Dear Recode Daily reader,
This is a special edition of today’s Recode Daily, because today we’re the ones with some news: Recode and Vox, a news site with deep expertise in explanatory journalism, have officially joined forces.
By joining Vox, the lens and ambition of Recode’s journalism will widen. We’ll remain skeptical, infused with the recognition that disruptive technologies can unleash consequences, that the collision between human behavior and complex algorithms never goes precisely as anticipated.
But we will also remember that technology can do great good. There is no answer to climate change that doesn’t rely on innovation, no urbanist vision that couldn’t benefit from smarter cities, no reason to think that the 21st century will not bring remarkable advances in health care and learning. Skepticism demands rigor, not hopelessness.
We’re thrilled to welcome Samantha Oltman, who joins us from BuzzFeed’s tech team, as our new editor-in-chief — and to have the likes of Matt Yglesias, Brian Resnick, Emily Stewart, and other Vox staff writers contribute to Recode. And at this year’s Code Conference in Scottsdale, Arizona, we’ll be unveiling new ways to read, listen, and work with Recode.
In all of this, we will be guided by a simple theory: To be managed, technological change first must be understood. And that’s why we’re coming together. Vox explains the news. Recode understands technology and media. Together, we will try to uncover and explain how the digital world is changing — and changing us.
Silicon Valley is awash in Chinese and Saudi cash — and no one is paying attention (except Trump). It may look to the outside eye that Silicon Valley just prints money, funneled through startups to give you things like cheap Uber rides. But Teddy Schleifer writes that if you trace the money that flows into startups through their venture capital firms — and trace the money that comes into those venture capital firms from their so-called limited partners — one can see the makings of a great gold rush, financed by overseas investors eager to overstuff money into hungry young companies. This is Silicon Valley in 2019 — a playground for foreign countries eager to fulfill their grand strategies. But the rise of foreign money has turned Silicon Valley into a geopolitical minefield for venture capitalists and startups, requiring American startups to make judgment calls and react to crosscurrents that would’ve been strange to the industry decades ago.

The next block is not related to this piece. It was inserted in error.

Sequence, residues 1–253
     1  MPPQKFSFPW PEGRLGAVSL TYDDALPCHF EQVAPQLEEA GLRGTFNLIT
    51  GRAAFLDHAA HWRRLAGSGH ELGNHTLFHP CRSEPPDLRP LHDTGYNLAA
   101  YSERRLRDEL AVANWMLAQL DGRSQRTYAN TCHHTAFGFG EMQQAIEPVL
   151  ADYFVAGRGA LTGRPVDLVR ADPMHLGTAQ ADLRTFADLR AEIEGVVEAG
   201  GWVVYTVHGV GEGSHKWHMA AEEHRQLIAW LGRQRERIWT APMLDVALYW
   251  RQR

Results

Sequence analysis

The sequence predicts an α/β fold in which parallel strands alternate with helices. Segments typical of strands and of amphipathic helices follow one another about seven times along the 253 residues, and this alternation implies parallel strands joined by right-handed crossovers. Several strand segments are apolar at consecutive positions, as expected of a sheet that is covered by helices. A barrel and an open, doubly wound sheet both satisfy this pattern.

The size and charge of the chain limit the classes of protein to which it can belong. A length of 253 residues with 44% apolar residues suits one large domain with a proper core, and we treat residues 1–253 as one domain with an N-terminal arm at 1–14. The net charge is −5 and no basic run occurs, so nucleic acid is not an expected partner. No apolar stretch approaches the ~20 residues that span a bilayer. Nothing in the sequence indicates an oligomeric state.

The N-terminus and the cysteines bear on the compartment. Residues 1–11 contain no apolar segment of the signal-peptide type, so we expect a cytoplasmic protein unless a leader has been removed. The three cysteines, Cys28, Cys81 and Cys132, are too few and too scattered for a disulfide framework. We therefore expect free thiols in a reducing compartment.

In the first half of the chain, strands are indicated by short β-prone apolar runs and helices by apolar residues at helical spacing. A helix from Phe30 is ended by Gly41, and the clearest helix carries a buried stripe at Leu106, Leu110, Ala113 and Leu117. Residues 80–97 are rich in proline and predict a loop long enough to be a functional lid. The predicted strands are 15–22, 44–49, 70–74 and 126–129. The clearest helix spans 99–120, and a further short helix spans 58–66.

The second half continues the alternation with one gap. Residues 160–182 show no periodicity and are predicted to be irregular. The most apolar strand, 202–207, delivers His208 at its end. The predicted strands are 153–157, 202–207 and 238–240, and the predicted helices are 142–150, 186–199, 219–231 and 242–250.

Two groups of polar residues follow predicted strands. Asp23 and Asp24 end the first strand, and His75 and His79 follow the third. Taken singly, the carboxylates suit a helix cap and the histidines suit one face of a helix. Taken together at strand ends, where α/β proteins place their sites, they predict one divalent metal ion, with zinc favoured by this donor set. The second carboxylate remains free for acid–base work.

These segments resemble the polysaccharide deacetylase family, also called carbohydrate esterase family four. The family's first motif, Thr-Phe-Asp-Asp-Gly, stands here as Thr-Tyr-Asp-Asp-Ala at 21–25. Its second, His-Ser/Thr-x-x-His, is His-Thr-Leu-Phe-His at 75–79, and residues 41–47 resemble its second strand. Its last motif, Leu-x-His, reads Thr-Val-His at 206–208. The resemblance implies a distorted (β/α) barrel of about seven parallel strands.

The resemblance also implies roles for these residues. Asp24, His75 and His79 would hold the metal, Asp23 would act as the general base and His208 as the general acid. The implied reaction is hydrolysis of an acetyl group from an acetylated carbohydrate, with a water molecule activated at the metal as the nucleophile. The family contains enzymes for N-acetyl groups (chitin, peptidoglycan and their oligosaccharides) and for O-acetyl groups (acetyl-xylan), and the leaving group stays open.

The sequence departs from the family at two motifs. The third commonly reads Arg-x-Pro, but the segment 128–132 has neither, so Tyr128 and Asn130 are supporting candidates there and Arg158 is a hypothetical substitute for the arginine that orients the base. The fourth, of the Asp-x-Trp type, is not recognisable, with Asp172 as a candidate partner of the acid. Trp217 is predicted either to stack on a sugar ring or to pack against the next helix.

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The productivity pit: how Slack is ruining work. Workplace software like Teams, Slack, and Workplace were supposed to make us more productive. They haven’t. Rani Molla writes that, on average, employees at large companies can send more than 200 Slack messages per week, according to Time Is Ltd., a productivity-analytics company that taps into workplace programs in order to give companies recommendations on how to be more productive. Power users of workplace chat apps who send out more than 1,000 messages per day are “not an exception.” Keeping up with these conversations can seem like a full-time job. After a while, the software goes from helping you work to making it impossible to get work done.
Can anyone tame the next internet? Exactly a decade ago, Walt Mossberg and Kara Swisher declared the end of Web 2.0 and the beginning of its next iteration. And now, she writes that Web 3.0, built on smartphones and the app universe, is on its last legs and needs to get out of the way for what’s next. And what’s that? Well, as it turns out, it’s a tidal wave of dynamic and accelerating industry changes that will rewrite politics, social mores, the future of work, and more — and it’s all mashing together in unexpected ways. Swisher breaks down what the next decade holds for innovation, from AI to regulation.
Ro Khanna and the tensions of Silicon Valley liberalism. Ezra Klein profiles the self-proclaimed “Congressman from Silicon Valley,” noting that he stands at the center of uncomfortable crosscurrents in American politics and sentiments about the benefits of technology. Khanna was an early backer of Bernie Sanders’s 2016 presidential campaign and he’s a co-chair of Sanders’s 2020 effort, but he also represents many of the “millionaires and billionaires” that Sanders blames for breaking American politics. Klein writes that, today, Khanna finds himself trying to be both the champion and regulator of the companies he represents. Which raises the question: Is there a viable liberalism that unites Bernie Sanders and Tim Cook? Or do you have to choose a side?
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The city’s unemployment rate is low, which puts Breed in a good position to press them on the question: “How are you going to invest more in San Francisco?” Listen to the latest Recode Decode.
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Recode and Vox have joined forces to uncover and explain how our digital world is changing — and changing us. Subscribe to Recode podcasts to hear Kara Swisher and Peter Kafka lead the tough conversations the technology industry needs today.